Balancing food security and biofuels
October 14, 2013
by Meat&Poultry Staff
ROME – The Committee on World Food Security (CFS) stressed the link between biofuels and food security, saying that the "progressive realization of the right to adequate food for all" should be a priority concern in biofuel development, after a week of intense discussions. Biofuel development "should not compromise food security, and should especially consider women and smallholders," said the multi-stakeholder committee for food security and nutrition.
The Oct. 7-11 meeting drew approximately 750 people, including more than 130 government delegations, 100 civil society and 50 private-sector organizations. After these talks, the CFS also agreed to integrate smallholder agriculture into national policies, strategies and research aimed at boosting investment and sustainable development.
Family farmers, fishers and others whose livelihoods depend on smallholder agriculture in developing countries account for most of the 840 million chronically hungry people in the world, according to a recent UN hunger report titled State of Food Insecurity in the World.
Regarding biofuels and food security, backed by a report from the High Level Panel of Experts (HLPE) on Food Security and Nutrition, the CFS testified that biofuel development encompassed "both opportunities and risks in economic, social and environmental aspects," depending on the context and practices. "In some cases, current biofuel production creates competition between biofuel crops and food crops," it added.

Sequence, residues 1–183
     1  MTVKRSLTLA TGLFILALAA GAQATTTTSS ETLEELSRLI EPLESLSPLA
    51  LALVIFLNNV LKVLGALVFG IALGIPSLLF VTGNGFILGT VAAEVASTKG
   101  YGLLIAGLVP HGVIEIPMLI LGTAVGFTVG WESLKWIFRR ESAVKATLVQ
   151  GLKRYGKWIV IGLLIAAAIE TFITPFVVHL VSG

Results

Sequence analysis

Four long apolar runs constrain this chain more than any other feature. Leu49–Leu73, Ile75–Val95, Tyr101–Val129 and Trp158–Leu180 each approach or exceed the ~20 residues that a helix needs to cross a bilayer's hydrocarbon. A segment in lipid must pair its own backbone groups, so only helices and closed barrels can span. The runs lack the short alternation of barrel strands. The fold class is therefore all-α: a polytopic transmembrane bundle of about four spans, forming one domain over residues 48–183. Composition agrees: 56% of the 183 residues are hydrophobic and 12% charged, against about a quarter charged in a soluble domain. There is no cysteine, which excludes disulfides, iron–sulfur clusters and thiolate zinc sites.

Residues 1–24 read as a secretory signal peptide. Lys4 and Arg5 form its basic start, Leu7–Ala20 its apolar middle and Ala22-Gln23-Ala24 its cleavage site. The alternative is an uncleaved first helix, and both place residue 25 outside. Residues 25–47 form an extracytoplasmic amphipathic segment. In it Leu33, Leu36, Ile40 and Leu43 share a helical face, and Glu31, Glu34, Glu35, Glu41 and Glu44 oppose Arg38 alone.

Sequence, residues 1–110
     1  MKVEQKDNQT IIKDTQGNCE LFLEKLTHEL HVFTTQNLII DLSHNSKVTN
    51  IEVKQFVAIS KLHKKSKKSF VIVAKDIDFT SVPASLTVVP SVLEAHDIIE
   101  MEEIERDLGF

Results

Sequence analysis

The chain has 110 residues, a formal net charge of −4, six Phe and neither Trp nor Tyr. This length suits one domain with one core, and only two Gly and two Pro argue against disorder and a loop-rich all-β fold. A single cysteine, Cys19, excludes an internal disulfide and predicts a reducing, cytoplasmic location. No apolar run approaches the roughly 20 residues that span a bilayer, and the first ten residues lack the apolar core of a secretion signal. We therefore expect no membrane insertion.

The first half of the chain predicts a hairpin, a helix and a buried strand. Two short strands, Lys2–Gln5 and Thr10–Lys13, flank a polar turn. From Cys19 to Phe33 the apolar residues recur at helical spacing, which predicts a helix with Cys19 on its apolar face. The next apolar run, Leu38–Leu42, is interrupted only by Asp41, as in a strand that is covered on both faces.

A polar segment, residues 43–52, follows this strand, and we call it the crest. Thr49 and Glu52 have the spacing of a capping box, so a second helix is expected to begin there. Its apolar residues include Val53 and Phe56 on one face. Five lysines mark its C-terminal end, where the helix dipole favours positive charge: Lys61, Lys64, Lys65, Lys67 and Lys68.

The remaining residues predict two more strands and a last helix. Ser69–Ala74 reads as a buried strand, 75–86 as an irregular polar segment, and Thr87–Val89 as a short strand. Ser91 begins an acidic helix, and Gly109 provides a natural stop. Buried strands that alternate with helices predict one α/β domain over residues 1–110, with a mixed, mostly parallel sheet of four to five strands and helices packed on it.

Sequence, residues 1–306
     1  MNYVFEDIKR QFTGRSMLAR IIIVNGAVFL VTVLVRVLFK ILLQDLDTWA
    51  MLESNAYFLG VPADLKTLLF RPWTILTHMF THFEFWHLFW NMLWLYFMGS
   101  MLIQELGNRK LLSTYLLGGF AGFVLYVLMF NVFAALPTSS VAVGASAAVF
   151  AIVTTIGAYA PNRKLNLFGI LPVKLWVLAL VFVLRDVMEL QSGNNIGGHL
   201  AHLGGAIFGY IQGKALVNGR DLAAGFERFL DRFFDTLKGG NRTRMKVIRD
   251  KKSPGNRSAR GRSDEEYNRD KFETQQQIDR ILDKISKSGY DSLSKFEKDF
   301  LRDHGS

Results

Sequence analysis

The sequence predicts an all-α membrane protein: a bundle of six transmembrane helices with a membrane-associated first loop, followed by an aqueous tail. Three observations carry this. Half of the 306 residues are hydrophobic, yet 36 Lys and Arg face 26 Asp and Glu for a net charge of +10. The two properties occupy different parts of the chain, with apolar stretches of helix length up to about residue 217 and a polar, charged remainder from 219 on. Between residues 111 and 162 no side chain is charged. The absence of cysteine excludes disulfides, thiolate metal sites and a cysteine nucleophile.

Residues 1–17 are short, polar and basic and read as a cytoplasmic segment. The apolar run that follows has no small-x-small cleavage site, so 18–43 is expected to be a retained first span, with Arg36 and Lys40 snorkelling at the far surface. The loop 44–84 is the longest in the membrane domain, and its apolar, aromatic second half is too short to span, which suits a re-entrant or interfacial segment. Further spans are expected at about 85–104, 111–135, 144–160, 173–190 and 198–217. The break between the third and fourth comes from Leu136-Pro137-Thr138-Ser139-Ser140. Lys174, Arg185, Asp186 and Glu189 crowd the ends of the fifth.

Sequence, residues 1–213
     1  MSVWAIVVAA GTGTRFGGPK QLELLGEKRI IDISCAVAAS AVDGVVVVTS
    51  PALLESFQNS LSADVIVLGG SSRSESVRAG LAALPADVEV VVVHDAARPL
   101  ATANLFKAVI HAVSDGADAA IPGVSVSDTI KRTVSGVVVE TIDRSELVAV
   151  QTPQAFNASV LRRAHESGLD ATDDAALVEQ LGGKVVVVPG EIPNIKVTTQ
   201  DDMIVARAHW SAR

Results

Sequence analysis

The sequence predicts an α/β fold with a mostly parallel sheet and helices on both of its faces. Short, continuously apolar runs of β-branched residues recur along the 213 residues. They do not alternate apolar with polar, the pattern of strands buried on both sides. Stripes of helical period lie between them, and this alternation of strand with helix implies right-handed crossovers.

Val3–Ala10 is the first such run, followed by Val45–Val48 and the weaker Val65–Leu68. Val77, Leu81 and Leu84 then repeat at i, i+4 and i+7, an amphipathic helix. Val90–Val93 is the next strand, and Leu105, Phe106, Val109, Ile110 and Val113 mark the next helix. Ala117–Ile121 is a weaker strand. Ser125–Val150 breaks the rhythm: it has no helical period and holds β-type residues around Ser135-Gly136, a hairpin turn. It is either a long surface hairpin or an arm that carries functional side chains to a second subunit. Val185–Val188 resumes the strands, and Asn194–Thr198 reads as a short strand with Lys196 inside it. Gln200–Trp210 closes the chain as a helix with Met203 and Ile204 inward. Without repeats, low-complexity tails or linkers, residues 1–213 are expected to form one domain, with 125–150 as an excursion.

The CFS encouraged the Food and Agriculture Organization of the United Nations (FAO) and other stakeholders to look at ways to help countries strengthen their capacities to assess their situation with regards to biofuels, taking into account food security concerns at global, regional and national levels and legitimate land tenure rights.
"Governments and other appropriate stakeholders are encouraged to review biofuels policies - where applicable and if necessary - according to balanced science-based assessments of the opportunities and risks they may present for food security," the committee said.
The committee also called on biofuel research and development partners to improve the efficiency of biofuels regarding both resources and processes, and to devise solutions adapted to the needs of all stakeholders, including those in least-developed countries, as well as women and smallholders who are most in need of access to modern energy services. The CFS' recommendation called on research and development partners to adapt biofuel production and processing to modulate the supply chain between food, feed and energy, depending on conditions.